Potential for health care savings drives increased interest in generic biologics
Two competing proposals have recently been introduced to help establish a regulatory pathway for the approval of generic biologics. They are at odds primarily over the time period of data exclusivity that drug manufacturers should be permitted.
Rep. Henry Waxman (D-Calif.), the chair of the Energy and Commerce Committee has introduced the Promoting Innovation and Access to Lifesaving Medicines Act (H.R. 1427). Senators Chuck Schumer (D-N.Y.), Susan Collins (R-Maine), Sherrod Brown (D-Ohio), and Mel Martinez (R-Fla.) have sponsored a companion measure in the Senate, (S. 726). The bill would grant brand-name companies five years of exclusivity, plus an optional three-year extension for modified versions and an additional six months if the manufacturer conducts a pediatric study on the drug.
A separate proposal has also been introduced by Rep. Anna Eshoo (D-Calif.), Rep. Joe Barton (R-Texas), ranking member of the House Energy and Commerce Committee, and Rep. Jay Inslee (D-Wash.). The Pathway to Biosimilars Act (H.R. 1548) would grant brand-name biologic drug makers a 12-year period of exclusivity.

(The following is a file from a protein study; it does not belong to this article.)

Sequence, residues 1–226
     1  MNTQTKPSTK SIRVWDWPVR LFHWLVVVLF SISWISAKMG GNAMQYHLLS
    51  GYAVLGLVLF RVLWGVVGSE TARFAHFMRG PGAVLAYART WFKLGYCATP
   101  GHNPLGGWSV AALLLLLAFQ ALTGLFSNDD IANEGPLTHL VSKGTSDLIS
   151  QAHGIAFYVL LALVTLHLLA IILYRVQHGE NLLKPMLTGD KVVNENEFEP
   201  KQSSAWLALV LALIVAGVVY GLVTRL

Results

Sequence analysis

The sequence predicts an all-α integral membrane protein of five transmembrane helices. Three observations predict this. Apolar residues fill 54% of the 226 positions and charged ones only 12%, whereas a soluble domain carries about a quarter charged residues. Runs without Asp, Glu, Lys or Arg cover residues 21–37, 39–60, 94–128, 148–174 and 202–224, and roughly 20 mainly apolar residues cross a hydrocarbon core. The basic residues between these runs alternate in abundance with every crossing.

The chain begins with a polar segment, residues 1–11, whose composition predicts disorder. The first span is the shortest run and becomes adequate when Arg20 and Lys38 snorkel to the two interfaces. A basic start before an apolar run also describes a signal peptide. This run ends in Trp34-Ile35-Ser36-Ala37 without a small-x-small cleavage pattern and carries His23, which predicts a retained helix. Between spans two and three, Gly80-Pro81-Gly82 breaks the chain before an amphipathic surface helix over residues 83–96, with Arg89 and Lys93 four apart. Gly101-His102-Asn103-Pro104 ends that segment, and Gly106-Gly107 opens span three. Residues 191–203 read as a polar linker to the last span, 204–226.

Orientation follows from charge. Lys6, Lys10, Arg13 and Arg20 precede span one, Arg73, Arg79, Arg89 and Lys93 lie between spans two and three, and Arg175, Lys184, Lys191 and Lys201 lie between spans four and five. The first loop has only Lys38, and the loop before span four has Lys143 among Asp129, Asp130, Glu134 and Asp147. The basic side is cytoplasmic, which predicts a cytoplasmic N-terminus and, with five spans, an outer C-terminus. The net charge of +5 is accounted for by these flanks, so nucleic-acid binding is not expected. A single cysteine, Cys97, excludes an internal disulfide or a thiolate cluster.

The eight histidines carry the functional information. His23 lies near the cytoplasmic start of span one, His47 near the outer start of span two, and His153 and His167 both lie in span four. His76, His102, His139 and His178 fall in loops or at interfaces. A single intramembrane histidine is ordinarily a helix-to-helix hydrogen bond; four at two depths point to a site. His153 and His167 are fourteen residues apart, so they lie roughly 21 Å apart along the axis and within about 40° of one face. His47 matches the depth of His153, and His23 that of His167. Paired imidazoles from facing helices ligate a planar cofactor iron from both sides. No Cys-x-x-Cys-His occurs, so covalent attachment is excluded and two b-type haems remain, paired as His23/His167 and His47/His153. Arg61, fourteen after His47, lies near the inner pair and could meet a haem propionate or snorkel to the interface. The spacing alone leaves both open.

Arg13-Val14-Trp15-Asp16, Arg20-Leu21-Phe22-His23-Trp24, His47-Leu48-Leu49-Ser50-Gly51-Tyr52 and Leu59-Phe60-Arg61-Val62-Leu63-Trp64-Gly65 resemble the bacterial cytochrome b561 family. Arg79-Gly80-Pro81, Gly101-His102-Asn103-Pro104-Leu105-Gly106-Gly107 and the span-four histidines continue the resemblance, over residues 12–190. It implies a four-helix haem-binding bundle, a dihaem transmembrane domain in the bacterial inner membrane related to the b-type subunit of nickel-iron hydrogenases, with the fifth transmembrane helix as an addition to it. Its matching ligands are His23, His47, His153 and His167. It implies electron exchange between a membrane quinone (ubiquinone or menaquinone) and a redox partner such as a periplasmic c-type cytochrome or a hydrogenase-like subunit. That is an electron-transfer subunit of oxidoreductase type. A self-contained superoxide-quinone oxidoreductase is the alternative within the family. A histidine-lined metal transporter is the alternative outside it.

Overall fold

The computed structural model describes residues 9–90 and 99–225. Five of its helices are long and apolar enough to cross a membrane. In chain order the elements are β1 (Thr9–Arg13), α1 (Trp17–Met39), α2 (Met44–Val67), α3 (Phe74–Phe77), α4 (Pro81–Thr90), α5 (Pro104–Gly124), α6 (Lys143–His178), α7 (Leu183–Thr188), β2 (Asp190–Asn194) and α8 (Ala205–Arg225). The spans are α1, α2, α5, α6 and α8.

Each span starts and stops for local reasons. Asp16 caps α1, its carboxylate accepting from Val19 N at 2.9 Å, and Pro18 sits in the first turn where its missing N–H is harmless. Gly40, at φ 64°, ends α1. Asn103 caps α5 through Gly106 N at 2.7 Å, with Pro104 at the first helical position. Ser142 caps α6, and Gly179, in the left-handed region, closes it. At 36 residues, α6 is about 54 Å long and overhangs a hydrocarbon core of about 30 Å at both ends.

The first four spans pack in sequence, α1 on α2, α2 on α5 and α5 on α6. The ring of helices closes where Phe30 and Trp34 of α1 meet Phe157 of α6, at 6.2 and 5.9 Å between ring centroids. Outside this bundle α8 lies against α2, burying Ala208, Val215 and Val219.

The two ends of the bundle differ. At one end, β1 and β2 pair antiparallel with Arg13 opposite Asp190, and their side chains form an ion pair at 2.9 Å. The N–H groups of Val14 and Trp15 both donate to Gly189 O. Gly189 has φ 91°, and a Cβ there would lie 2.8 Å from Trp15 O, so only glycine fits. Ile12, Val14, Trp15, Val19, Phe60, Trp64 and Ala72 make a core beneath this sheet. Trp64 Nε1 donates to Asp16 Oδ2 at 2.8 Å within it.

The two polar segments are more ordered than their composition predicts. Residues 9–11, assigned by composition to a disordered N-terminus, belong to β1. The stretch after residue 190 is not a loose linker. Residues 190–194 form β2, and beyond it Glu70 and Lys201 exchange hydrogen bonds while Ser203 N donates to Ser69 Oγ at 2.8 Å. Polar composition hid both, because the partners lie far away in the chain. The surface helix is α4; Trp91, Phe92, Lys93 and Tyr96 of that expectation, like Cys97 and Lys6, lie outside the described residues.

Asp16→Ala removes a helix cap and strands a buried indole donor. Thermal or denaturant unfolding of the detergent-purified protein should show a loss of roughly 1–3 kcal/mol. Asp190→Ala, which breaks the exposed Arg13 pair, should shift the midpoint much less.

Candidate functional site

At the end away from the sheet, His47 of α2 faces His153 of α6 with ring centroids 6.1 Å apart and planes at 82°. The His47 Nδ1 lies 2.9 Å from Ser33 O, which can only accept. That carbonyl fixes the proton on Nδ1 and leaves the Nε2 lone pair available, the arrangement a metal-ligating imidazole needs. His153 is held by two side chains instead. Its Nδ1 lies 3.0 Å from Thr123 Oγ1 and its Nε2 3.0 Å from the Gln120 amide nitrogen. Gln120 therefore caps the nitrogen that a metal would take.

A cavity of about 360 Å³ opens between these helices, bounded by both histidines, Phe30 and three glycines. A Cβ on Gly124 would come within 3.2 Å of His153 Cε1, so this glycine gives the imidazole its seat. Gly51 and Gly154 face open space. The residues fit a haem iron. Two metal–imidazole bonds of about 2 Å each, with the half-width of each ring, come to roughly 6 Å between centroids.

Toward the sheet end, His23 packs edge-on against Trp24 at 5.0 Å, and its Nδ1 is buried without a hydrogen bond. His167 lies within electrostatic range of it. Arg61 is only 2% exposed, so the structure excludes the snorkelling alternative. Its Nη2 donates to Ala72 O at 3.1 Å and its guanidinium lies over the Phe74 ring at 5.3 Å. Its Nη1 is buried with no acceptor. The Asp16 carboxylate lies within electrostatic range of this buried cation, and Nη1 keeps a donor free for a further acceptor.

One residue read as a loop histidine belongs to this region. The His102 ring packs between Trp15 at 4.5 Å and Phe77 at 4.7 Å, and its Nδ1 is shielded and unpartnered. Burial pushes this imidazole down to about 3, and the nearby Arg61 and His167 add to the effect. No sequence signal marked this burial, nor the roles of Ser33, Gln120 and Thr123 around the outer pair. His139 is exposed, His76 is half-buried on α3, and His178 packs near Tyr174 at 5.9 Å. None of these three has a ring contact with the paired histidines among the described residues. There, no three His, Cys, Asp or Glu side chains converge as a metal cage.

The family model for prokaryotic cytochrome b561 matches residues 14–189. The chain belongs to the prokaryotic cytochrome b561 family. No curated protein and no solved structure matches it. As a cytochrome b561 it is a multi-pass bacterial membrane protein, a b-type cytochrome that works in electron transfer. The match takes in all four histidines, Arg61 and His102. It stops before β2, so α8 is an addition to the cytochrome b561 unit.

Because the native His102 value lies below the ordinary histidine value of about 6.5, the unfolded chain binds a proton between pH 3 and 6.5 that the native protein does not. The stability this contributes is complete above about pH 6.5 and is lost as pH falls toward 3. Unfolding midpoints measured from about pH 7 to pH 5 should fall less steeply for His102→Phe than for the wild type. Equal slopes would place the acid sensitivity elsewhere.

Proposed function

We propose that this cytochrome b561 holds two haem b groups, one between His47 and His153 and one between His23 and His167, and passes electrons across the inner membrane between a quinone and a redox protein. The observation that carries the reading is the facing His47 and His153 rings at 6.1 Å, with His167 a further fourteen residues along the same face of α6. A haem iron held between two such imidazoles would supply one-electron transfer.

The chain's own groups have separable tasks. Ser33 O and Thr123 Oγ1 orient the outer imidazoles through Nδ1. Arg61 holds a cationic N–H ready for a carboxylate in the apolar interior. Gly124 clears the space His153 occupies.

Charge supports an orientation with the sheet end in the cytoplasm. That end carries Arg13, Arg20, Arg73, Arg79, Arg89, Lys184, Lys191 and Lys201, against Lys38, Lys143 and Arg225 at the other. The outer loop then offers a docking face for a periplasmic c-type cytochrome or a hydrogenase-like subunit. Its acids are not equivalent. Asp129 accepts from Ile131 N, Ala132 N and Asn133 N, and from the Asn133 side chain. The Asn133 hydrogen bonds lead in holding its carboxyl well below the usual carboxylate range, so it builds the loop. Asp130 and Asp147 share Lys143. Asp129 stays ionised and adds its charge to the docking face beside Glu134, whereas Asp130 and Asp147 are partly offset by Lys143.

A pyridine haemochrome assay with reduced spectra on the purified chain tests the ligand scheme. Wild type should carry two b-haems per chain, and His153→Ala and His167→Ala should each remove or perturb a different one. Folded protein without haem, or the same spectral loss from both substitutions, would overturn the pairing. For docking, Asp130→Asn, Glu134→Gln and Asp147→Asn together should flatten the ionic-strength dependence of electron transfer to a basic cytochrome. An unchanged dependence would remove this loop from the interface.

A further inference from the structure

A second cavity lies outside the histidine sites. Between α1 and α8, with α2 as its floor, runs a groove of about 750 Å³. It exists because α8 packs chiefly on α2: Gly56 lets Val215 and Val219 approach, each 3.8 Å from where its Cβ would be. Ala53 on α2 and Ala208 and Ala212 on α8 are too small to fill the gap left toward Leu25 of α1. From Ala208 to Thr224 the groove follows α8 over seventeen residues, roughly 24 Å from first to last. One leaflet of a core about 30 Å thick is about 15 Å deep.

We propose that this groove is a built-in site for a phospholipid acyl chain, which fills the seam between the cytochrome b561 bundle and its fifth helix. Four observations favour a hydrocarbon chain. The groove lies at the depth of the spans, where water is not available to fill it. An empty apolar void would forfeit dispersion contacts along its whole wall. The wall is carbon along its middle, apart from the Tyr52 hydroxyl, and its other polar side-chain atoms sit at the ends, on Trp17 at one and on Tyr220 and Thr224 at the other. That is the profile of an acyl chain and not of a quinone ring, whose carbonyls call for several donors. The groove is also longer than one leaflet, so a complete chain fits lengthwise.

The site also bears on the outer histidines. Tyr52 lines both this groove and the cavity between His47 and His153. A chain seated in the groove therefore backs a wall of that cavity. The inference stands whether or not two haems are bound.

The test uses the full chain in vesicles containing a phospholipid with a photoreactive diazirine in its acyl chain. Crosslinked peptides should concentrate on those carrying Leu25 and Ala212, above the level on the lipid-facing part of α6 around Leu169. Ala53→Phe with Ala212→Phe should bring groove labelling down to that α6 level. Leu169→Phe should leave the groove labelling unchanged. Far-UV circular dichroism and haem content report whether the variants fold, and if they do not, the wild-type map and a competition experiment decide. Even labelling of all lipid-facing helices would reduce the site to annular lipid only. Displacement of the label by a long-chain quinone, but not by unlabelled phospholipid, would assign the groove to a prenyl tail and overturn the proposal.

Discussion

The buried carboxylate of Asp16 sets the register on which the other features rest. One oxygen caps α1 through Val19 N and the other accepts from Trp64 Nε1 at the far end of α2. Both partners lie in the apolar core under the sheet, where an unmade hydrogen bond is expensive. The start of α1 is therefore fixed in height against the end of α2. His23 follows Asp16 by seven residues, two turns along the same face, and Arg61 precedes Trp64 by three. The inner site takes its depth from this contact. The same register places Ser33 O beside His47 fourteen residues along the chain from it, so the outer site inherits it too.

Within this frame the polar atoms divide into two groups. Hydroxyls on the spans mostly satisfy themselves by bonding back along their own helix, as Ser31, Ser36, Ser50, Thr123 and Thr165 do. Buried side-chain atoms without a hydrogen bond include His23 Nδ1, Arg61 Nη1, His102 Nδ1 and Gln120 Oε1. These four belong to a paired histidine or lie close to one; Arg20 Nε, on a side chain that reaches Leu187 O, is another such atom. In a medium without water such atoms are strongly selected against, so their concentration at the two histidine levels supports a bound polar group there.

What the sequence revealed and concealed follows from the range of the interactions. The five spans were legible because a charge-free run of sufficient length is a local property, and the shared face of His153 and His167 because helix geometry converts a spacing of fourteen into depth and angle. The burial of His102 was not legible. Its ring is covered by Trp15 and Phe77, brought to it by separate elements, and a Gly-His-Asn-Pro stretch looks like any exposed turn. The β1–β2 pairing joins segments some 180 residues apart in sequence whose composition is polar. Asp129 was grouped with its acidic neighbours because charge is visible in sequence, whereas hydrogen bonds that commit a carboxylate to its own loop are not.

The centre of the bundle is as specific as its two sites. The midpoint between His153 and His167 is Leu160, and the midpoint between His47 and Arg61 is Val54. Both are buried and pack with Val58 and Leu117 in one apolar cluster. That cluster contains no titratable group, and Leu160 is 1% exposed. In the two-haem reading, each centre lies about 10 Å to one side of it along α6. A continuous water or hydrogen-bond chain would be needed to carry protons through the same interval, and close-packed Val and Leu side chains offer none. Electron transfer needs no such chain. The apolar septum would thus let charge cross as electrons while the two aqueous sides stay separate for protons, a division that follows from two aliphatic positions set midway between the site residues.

Biologics, also referred to as biopharmaceuticals, are expected to account for nearly half of all approved pharmaceuticals in the U.S. in the coming year or so. They are also among the most expensive drugs and are most commonly used for the treatment of patients with cancer.
The original patents on many of these drugs are beginning to expire, prompting action by Members of Congress to help establish a framework by which lower-cost generic biologic therapies can be safely and accurately replicated and advanced to patients.
While the 1984 Hatch-Waxman Act governs the pathway for traditional generic pharmaceutical drugs, it cannot be applied to biologics, which are more structurally complex because they are derived from proteins manufactured in living cells and, therefore, cannot be reproduced exactly.
Establishing a pathway for biologics has become particularly significant to lawmakers recently as they search for methods to control health care costs. President Obama recently prioritized generic biologics in his FY2010 budget outline as a way to address the high cost of prescription drugs.
Read More from the April Edition of the AACR Cancer Policy Monitor: